This is a guest post by my friend and classmate Rachel Wolan. I worked alongside Rachel in helping run the Berkeley Digital Media Conference, >play. Rachel is the founder & CEO of YadaZing – product maven, ex-Facebook and ex-SAY Media. She shares her thoughts in her blog and tweets at @rachelwolan.
I am the founder of YadaZing.com, a media platform for English language instructors (producers) and students (consumers). We maniacally focus on the question, “who do we create value for and why?”
In every platform business, you need to solve the Chicken/Egg problem AND make sure that producers produce. On our platform, we are focusing on the underserved but small segment, English instructors. We give them tools to engage and interact with English students, the overserved but enormous segment.
We are making a bet that our early adopters will be part of the 1% (of the 90/9/1 rule) who will create great content; this is our gateway to the 99% who consume the great content.
This is a guest post by Hubert, Palan, a good friend and classmate from Haas School of Business, UC Berkeley. Hubert (twitter: @hpalan) is the founder and CEO of ProductBoard.com, a platform for strategic product design and management headquartered in San Francisco, California. Prior to ProductBoard, Hubert was the Vice President of Product Management at GoodData, where he managed GoodData’s disruptive platform business, built the whole front-end product management team from the ground up and established and embodied modern principles of user experience designs.
An additional note – I see Hubert as the model for taking risks. He decided to launch a startup not because it was the only option available to him but when he was succeeding in his career and had multiple choices at his disposal.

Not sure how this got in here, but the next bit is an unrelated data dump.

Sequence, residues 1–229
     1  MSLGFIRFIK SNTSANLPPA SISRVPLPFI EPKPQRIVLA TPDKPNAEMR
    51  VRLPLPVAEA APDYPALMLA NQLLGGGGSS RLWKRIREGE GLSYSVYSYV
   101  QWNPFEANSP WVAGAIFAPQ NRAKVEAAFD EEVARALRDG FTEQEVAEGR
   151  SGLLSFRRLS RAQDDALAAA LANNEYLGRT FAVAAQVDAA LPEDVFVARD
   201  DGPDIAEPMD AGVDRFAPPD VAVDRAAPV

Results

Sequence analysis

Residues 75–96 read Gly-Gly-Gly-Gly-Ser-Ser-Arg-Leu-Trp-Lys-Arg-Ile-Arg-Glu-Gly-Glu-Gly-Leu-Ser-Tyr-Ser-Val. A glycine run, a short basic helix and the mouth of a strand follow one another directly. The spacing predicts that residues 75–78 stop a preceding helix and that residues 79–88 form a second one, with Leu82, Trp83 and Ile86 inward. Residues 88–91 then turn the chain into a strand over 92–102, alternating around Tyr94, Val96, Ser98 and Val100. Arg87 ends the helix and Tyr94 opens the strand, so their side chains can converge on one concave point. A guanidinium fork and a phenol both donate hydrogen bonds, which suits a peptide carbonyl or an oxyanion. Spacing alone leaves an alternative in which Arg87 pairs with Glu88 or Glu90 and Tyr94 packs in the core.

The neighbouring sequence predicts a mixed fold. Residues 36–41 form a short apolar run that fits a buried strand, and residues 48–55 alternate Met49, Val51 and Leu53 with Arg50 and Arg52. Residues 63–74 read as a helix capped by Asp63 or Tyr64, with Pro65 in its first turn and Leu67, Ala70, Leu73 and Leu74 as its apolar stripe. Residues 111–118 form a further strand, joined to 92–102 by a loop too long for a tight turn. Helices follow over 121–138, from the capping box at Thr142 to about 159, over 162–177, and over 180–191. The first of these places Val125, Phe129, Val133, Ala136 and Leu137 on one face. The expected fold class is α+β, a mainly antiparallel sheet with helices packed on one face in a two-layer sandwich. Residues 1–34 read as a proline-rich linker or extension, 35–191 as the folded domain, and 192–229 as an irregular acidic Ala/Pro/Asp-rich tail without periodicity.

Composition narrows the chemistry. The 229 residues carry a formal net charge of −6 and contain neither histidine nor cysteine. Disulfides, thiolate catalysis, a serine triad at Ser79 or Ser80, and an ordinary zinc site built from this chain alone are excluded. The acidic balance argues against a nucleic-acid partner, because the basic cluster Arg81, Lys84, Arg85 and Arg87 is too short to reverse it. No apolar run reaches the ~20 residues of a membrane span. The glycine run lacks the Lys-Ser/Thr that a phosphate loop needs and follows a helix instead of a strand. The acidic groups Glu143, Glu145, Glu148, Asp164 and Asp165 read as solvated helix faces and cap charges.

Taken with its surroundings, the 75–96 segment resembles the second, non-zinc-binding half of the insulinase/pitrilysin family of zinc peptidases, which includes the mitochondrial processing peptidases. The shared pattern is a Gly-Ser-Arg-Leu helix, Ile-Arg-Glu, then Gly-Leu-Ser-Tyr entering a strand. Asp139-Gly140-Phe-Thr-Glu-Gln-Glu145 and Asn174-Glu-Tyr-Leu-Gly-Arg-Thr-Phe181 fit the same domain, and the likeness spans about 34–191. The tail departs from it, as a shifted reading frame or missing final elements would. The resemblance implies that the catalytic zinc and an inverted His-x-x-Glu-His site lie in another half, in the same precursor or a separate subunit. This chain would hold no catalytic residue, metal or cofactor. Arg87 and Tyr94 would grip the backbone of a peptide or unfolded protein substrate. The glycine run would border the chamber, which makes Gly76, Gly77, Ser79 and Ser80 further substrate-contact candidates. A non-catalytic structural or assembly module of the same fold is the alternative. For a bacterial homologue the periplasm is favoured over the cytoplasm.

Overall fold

Let me tell you a short story. My wife, Jenna, and I went for a run early one morning in the Oakland hills. We had an idea where we wanted to go, but we didn’t have a map so we didn’t know how to get there. As we ran we asked several dog-walkers for directions along the way. Since it was after a rainy night, and I was running in very thin-soled running shoes, we asked if their recommended path would be muddy or not. As it turns out, different people have conflicting opinions about both the directions and the quality of the road. Eventually after a few wrong turns we found the right path, but of course contrary to what people said, it was pretty muddy.
Why am I telling you this? I recently quit my job at GoodData and started working on my own startup. Our morning run got me thinking about the challenges you have as a founder building a startup, or a new product. You have an idea of where you want to arrive – your dream target audience with a great need, that your perfect solution will satisfy.
You need to create a product roadmap that would navigate your team. Not only do you not have a map, you don’t even know if there are any roads out there. Muddy or otherwise.
So you head out and start asking for advice. You talk to advisors, investors and one potential customer after another trying to discover the roads and choose the best and shortest one. Advisors and investors give you conflicting advice about the best way, because even though they are great runners, they never ran quite the same route. Various potential customers suggest different features they would want, though they are not really sure if they even need them. They are like the dog-walkers, who are not sure about the route either, but since you ask, they make up an answer.
So you run in circles and take many wrong turns. You hope for smooth paths, and they turn out to be muddy. Hopefully though, you end up finding the right way and reaching your goal.
My friend and mentor Arthur J. Collingsworth always said: “Persistence, persistence, persistence.” So no matter if you are running in some hills, building a startup or working on a new product, persevere and keep on running.